• avatar
    theBrandler

    I really tend to disagree with the “new car offers more reliability, safety” etc.

    What is reliability? It’s only having to replace wear items: tires, breaks, battery, belts, lights, oil, diff/tranny fluid, wipers,and windshield washer fluid. Unless I missed an item, that’s it. That’s all a car should need. ANYTHING ELSE that fails and needs replacing is a mark against reliability.

    Modern cars have LOADS more tech, and as has been reported on TTAC extensively, are vastly more expensive to repair when things go wrong because of it. If you have an old vehicle you love DON’T get rid of it!

    As for safety, riddle me this: If new cars are safer, why do fatal accidents continue to rise? Physics is physics. We’ve long since passed the 80/20 rule for safety. Cars from 15 years ago were pretty damn safe, modern ones are nipping at the edges of what physics allows for. Really all that’s been significantly updated is edge cases in collisions and a myriad of driver assistance features. We still don’t know if those help or hurt yet though.

    Now take into consideration costs. You want a new MDX? That’s a $45k vehicle. Assuming a 60 month loan at 0% interest you are looking at $750/m in payments. Think about that! That’s like buying a brand new stove or washing machine EVERY MONTH!!

    You have a perfectly usable vehicle you love. Lets say the worst happens and the tranny blows up. That will set you back $2-3k getting a used replacement. That’s ONLY 4 months of payments on the new one. Why through away the money when you like what you have?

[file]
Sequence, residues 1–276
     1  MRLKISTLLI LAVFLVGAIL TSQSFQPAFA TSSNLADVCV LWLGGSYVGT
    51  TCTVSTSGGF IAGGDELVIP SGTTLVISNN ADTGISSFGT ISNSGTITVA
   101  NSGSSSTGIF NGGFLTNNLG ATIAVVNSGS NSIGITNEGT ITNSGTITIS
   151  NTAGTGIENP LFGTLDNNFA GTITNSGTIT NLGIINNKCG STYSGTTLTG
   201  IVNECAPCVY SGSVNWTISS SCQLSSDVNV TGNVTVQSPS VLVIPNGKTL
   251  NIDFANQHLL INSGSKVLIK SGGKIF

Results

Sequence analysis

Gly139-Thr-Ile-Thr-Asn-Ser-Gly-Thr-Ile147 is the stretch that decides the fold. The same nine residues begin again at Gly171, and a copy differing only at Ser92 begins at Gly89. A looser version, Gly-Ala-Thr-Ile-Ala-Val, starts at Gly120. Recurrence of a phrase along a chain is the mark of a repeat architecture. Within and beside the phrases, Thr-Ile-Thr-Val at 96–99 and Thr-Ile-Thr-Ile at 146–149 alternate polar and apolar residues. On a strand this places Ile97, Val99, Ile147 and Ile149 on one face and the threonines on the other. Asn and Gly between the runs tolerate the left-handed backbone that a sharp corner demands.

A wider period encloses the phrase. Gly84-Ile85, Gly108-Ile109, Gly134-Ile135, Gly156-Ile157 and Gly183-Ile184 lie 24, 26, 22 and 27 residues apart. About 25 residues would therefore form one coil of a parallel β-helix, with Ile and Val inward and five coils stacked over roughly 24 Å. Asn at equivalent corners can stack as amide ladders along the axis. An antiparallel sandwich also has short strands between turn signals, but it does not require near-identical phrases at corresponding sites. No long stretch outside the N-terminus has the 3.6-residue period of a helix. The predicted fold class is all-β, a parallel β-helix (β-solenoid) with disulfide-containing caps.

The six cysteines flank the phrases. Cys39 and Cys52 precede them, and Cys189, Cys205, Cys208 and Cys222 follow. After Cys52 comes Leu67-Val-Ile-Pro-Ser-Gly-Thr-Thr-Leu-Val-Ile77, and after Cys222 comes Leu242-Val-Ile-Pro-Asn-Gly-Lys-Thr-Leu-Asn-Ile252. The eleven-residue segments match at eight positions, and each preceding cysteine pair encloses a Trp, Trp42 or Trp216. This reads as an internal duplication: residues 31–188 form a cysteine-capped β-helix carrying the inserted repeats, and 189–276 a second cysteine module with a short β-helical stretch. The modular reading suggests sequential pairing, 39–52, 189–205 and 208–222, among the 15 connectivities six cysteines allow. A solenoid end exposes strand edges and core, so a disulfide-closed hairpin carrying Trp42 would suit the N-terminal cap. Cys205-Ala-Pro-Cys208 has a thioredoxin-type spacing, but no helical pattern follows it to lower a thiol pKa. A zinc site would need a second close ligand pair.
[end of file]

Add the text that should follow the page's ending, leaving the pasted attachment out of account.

I have this same problem. I have a 14 year old Accord. But it runs, everything works, and all it needs is standard maintenance. I want a performance car, but it sickens me when I look at even the cost of used cars these days. Stick with what you have, put that money into a hobby, or start taking awesome vacations every year. Do something else other than buy an overly expensive new vehicle that won’t make you any happier than what you already have.

  • avatar
    DougD

    Meh, transportation is transportation. Keep the MDX and buy a Boxster, Bugeye Sprite or Road King and have some fun.

  • avatar
    forward_look

    My rule is to always pay cash.
    First car: $75. drove 3 years, sold for $75.
    Second car: $200. Drove 4 years sold for $200.
    ….etc…… Now I’m up to 1-2 year olds, keep for 10 years.
    I’ve never bought new, and never had collision insurance.

    So far I’m way ahead. Except for antilock brakes, the gadgets today don’t compensate for bad driving well enough to make me desire them, and most other gadgets I don’t use and don’t want to fix when they break. Now get off my lawn, punk.

  • avatar
    3XC